For millennia, those we now term “adolescents” transitioned into an adult working culture in a fairly natural way. Boys in hunting cultures would begin hunting small game, girls would begin working in the kitchen or managing the household, and shepherds would begin tending the smaller animals. The idea that “the world is their oyster” was not a consideration. Now, however, young children are told that they could be anything they want to be. Think about the difference in the stress level between, “son, today you are going to go hunting for rabbit with your friends and one day you will get to hunt the big buffalo with the rest of the tribe.” and “You better work really hard in all six of your classes. Also, don’t forget that ________ (football, chess, student government) is your ticket to a scholarship.” The transition into adult culture for those in the past would have been gradual and predictable to most in society, while today it is more mysterious and ominous.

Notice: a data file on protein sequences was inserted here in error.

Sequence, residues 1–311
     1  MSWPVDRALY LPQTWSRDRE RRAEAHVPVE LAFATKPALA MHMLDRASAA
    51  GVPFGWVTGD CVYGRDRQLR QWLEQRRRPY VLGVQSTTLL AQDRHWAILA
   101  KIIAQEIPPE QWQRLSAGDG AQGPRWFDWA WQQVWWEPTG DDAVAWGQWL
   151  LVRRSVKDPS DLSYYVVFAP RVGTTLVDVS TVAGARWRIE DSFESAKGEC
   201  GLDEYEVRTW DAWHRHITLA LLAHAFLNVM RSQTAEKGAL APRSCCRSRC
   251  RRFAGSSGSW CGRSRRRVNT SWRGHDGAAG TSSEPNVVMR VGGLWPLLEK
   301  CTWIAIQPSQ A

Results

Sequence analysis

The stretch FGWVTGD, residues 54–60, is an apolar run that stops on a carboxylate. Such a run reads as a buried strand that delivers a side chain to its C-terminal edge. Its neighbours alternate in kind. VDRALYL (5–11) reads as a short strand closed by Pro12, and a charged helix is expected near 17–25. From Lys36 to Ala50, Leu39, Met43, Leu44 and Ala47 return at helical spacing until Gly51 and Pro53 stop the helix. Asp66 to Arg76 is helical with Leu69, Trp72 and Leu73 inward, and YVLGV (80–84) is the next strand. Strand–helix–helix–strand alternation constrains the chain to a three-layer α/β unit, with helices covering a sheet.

These questions about the future have an impact on our young people. As individualistic Americans we tend to hold the value of choice up as a civic virtue, but today the choices that young people will have are relatively ephemeral. Sure, some traditional occupations will continue in the future, but many of the high-level business and technological positions are changing quicker than our educational systems, or our psyches, can handle. We, as adults, should keep this reality in mind as we coach our children in the adolescent years—the questions about the future are great and nebulous for them. Perhaps we need to avoid the age-old question of, “What do you want to be when you grow up?” and replace it with, “What kind of person are you becoming?” helping adolescents move more gracefully into a character-driven life. Our focus, then, is to train them in how to think, analyze and synthesize ideas rather than how to do tasks.